The observation space is given in Table 2. The joint position and its angular joint velocity are required to learn the locomotion and represent the proprioceptive awareness of the robot. The head link velocity helps to sense its global velocity, which offers better movement awareness. In order to learn a power efficient gait, the sense of energy consumption is necessary. Therefore, the actuator torque of each joint is provided and can be interpreted in combination with to determine the total power usage. The specified target velocity is passed to the environment and can be dynamically changed. This is required to control the velocity of the robot. In summary, an overall 26-DOF observation space is used in this work.

Symbols Descriptions
Relative joint angular positions
Relative joint angular velocity
Absolute head module velocity
Actuator torque output
Specified target velocity
Table 2: The observation space of the PPO controller.

Action Space

The action space of the environment has 8-DOF with finite continuous values in the range of , which linearly translates to a corresponding joint angle in range of . Each action represents eight actuator angle positions of the servo motors. A uniform setup with servo motors is chosen so the environment between the two controllers can be compared. There has been no significant difference noticed between a servo and a torque setup.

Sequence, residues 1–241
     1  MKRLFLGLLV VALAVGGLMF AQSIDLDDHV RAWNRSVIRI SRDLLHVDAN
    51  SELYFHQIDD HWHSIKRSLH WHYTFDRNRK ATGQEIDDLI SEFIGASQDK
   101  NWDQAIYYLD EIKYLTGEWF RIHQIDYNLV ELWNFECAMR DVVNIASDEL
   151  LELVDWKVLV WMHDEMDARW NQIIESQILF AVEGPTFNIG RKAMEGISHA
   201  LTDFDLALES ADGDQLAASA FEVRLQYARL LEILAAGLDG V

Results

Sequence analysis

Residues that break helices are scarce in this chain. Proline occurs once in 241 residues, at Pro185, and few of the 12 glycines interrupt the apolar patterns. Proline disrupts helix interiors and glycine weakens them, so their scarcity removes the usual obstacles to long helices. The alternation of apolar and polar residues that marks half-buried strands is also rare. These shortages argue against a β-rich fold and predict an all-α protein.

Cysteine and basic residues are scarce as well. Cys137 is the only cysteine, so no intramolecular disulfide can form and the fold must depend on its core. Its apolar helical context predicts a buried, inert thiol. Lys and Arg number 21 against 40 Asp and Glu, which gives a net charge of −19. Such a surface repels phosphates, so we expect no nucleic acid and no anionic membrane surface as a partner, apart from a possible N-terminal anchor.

Reward Function

The objective of this experiment is to learn a power efficient locomotion for a variety of specified velocities. Therefore, the energy consumption and the difference between the actual model velocity and the target velocity are the main criterias to find a successful behavior. The challenge is to combine and weigh the variables into one numerical reward for each time step. Therefore, we first split the power efficiency and velocity criteria into two normalized reward function components.

First, a normalized reward is defined to maintain the specified velocities. The objective is to reach and maintain the target velocity by comparing it with the head velocity . The following function represents the velocity reward:


The parameter influences the spread of the reward curve, by defining the x-axis intersections with . affects the changes of the curves gradient. If , the velocity reward has to be the maximum value .

Second, the normalized value of the total power usage in (3) is used to determine the power efficiency reward component , which is represented by


Here, controls the maximum reward value and is the slope of the curve. The power efficiency is influenced by the desired target velocity. Therefore, the normalized value represents this influence by limiting the maximum value of .

Last, the rewards from the velocity and the power efficiency are combined to form the overall reward :


This equation replaces the in (8) with . With that, the maximal power efficiency depends on the absolute value of the difference between the desired velocity and the robot velocity.

5.2 Network Architecture

Given the input (observation ) and the output (action ), we now elaborate the policy network mapping to . We design a fully connected 2-hidden-layer neural network as a non-linear function approximator to the policy . The input layer has the same dimension as the action space . Both hidden layers have ReLU units and the final layer outputs the joint position commands for the robot. In order to train the network, the PPO algorithm adapted from [?] is used for training it.